Delhi: The high court on Friday dismissed a plea seeking the demarcation of a seer’s shrine on public land in Delhi, highlighting the potential for widespread misuse if such allowances were made for all spiritual leaders. The court emphasised the critical need to prioritise public interest over individual claims to public property.

Delhi high court (File Photo)

Justice Dharmesh Sharma, delivering the verdict on Friday, underscored the broader implications of allowing religious structures to proliferate on public land. “In our country, we might find thousands of sadhus, babas, fakirs, or gurus across different parts of the landscape. If each one is allowed to build a shrine or samadhi sthal on public land and continue to use it for personal gains by vested interest groups, it would lead to disastrous consequences, jeopardizing larger public interest,” justice Sharma held.

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The plea was filed by Avinash Giri, the successor of Mahant Shri Naga Baba Bhola Giri, requesting the district magistrate of Daryaganj to demarcate a shrine situated at Old Delhi’s Nigambodh Ghat. Avinash claimed possession of the shrine since 2006 and expressed concerns over its potential demolition, following the demolition of nearby structures by the Flood Control and Irrigation Department of the Delhi government.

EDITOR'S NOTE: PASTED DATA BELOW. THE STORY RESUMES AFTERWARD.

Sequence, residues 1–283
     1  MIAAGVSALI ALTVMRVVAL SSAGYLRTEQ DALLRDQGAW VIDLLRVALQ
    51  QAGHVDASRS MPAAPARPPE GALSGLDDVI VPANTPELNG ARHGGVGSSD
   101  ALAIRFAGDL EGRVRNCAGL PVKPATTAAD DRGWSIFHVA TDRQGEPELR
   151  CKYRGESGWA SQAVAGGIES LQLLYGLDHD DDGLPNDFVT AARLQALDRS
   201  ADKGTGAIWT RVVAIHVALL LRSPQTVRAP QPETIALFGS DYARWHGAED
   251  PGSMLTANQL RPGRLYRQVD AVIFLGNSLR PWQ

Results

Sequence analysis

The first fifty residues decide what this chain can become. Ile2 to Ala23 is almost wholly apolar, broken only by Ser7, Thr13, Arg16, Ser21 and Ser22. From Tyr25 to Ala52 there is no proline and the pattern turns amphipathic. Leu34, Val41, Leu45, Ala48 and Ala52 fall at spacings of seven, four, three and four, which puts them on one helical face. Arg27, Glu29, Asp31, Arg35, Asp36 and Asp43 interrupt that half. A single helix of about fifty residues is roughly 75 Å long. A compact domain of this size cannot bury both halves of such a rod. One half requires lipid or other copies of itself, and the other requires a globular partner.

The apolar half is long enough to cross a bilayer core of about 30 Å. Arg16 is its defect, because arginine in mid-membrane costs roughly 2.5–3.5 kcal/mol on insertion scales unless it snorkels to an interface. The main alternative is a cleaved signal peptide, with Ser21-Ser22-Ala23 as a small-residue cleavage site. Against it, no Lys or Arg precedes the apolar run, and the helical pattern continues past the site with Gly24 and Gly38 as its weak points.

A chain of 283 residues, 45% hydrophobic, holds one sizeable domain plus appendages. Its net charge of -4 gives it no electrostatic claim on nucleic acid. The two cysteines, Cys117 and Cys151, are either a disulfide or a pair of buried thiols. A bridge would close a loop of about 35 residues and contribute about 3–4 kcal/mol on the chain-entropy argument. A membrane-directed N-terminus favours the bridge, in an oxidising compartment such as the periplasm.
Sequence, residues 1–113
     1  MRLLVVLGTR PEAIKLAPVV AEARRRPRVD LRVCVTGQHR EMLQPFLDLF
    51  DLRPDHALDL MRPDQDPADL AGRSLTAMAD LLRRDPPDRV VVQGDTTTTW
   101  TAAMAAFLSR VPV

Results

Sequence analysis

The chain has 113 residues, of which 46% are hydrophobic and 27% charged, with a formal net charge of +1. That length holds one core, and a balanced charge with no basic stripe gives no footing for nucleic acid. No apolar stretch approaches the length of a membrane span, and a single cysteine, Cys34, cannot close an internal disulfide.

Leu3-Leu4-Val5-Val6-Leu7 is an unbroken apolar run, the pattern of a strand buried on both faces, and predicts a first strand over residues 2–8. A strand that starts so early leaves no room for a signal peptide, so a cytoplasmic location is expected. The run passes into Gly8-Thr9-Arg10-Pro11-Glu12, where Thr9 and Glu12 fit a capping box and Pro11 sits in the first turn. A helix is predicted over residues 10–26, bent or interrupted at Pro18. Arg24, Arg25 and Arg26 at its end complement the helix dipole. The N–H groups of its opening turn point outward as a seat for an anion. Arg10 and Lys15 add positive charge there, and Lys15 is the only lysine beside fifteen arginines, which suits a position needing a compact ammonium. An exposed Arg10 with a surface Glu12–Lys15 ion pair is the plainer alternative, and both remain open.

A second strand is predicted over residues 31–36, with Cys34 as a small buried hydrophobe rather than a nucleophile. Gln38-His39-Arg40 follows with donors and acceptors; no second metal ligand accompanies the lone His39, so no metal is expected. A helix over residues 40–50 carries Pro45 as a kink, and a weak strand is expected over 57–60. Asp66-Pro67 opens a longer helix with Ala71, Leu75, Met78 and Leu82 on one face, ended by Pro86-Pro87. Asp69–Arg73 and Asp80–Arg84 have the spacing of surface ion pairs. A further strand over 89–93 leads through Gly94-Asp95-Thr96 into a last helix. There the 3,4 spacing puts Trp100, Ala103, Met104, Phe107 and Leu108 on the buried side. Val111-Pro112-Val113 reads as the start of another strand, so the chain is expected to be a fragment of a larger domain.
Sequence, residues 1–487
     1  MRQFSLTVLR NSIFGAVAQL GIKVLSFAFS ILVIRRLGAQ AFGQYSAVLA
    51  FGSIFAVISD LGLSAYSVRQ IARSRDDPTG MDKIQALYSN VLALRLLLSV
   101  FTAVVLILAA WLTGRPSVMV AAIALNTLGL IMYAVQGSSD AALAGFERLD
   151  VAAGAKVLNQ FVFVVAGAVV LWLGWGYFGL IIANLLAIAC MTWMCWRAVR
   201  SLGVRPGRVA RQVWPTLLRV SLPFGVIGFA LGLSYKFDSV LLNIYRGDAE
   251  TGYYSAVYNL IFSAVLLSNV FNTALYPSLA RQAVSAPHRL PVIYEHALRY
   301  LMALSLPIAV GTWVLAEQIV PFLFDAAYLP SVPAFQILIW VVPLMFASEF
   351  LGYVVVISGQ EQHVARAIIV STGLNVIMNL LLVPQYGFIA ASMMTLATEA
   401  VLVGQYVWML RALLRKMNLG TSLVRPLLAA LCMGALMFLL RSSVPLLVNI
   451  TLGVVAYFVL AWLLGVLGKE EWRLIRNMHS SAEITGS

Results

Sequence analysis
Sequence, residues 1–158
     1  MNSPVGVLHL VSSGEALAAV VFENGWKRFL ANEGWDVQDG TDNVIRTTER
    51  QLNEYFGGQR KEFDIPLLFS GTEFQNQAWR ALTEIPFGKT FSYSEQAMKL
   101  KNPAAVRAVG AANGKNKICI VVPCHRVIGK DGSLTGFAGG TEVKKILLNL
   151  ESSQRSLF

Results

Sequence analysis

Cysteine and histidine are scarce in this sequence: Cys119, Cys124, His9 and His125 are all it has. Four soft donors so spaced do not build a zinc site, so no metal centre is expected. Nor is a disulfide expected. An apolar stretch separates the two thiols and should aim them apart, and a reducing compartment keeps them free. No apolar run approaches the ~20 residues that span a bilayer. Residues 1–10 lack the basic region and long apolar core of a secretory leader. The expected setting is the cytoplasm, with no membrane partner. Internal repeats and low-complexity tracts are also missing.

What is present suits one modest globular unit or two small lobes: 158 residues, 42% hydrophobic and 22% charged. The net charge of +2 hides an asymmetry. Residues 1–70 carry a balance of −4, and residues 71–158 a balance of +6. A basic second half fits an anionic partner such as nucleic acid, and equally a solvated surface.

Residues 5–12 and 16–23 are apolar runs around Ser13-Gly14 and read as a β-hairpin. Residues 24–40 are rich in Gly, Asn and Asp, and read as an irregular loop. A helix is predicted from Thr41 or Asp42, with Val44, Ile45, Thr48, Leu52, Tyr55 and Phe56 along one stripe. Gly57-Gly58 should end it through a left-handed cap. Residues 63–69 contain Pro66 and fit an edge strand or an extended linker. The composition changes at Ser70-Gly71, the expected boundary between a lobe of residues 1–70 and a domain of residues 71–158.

The court, however, underlined the inherent contradiction in Naga sadhus seeking property rights. “Making no attempt to write a thesis on the way of life of Naga sadhus, as we understand in the Hindu religion, Naga sadhus are devotees of Lord Shiva and they are ordained to live a life of complete detachment from the worldly affairs, and therefore, seeking property rights in their names does not conform with their beliefs and practices,” the bench said.

Representing the Delhi Development Authority (DDA), additional standing counsel Shobhana Takiar argued that the shrine was situated on DDA-owned land. The court noted that there was no evidence to suggest that the shrine held any historical significance or was dedicated to public worship.

“Since the petitioner has placed no iota of evidence that the shrine is a place of historic significance and devoted to the public at large, the DDA is not enjoined upon to give any notice to the petitioner. The mere fact that the matter of demolition has not yet been considered or approved by the Religious Affairs Committee does not hold weight, as it is not a shrine devoted to the public but a private shrine,” justice Sharma observed.

The court concluded that the property in question was intended for larger public projects, such as the rejuvenation of the Yamuna River. It declared the seer’s successor a “rank trespasser” and dismissed the plea, stating it was “bereft of merits.”

“The seer’s successor has no right, title, or interest to continue using the shrine,” the court ruled.